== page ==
During the war of 1914-18 he was chief agent on the construction of explosive factories at Misk and Pembrey and then went for two years on active service in France as a Royal Engineer officer. He was recalled to this country in 1918 to work on the design and construction of concrete ships and "Mystery" towers. After the war he served in the Ministry of Transport under Sir Alexander Gibb, then the first chief engineer, and while there was associated with the preparation of a scheme for the generation of tidal power in the Severn estuary incorporating a barrage at English Stones and provision for pumped storage.

In 1931 he joined Dorman, Long and Co., Ltd., as agent on the widening of Putney Bridge, on the completion of which in 1933, he was appointed Managing Director of the Anglo-Danish Construction Company formed to build the Storstrom Bridge in Denmark. It was here that his long experience of marine work came to full fruition. He devised a scheme for pier construction which incorporated a unique floating cofferdam and worked with great success, and a floating crane, cheaply constructed out of readily available materials and equipment, which erected the steel superstructure of the approaches a span at a time in complete prefabricated units weighing up to 500 tons.

In 1936 he commenced practice as a consulting engineer in Westminster which he continued until he retired in 1959. His first major opportunity as a consulting engineer came when Sir Alexander Gibb invited his collaboration on the reconstruction of Telford's famous Menai Bridge.

During the last war he designed the Maunsell sea forts which were of two types— anti-aircraft forts, six groups of which were commissioned in the Thames and Mersey estuaries, and naval forts, four of which were placed in the approaches to the Thames Estuary. In these latter forts the twin fighting towers were carried on an integral concrete hull on which the whole assembly was towed and sunk into position. The forts were fully manned and armed during these operations; one of them was in action within thirty minutes of final placing on the seabed. Another war-time project was the design and construction of twenty-five reinforced concrete floating docks of lifting capacities up to 1000 tons. In these Maunsell made extensive use of precast concrete members, and his feat in designing and planning to produce one complete dock every four weeks from a single construction yard by this method pointed the way to the present stage of development where this form of construction is widely used throughout civil engineering work.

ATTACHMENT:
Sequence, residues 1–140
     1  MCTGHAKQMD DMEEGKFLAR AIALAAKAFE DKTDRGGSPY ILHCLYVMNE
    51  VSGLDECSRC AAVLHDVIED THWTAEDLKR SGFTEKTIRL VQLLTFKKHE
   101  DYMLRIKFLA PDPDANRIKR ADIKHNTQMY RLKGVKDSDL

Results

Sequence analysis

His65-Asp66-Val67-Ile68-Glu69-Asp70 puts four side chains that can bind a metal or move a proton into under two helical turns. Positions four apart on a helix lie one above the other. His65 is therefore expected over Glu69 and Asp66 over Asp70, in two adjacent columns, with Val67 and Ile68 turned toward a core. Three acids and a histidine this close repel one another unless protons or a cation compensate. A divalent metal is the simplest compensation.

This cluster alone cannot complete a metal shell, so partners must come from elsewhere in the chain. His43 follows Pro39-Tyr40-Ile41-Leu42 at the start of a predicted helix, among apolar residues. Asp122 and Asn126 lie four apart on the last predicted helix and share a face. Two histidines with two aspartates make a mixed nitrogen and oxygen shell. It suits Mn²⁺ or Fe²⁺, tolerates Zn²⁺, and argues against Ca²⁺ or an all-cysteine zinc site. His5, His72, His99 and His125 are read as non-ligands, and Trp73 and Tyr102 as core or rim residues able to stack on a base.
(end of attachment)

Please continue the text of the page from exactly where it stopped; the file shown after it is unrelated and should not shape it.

In 1951-52 he was responsible for the reconstruction of Barry Commercial Graving Dock, in the course of which he designed two particularly interesting and economic caisson gates of composite steel and concrete construction. In 1955 he conceived a novel method of crossing the Firth of Forth by means of a submerged concrete tube supported on large circular piles. This idea was fully described in THE ENGINEER of February 15, 1957.

In 1952 he examined the floating concrete bridge at Hobart at the request of the Government of Tasmania, and recommended serious consideration of a high level bridge as a replacement. He later initiated the design of this structure. In 1956 he reported on the then proposed Narrows Bridge at Perth for the Government of Western Australia, and was responsible for the introduction in the work of large hollow steel piles ("Gambia" piles) driven by a hammer working internally, a successful development of ideas he had first used in the design of a wharf in the Gambia. His last major work was the design of the 1000ft span concrete arch bridge, now under construction at Gladesville, Sydney, New South Wales.


1961 Obituary [2]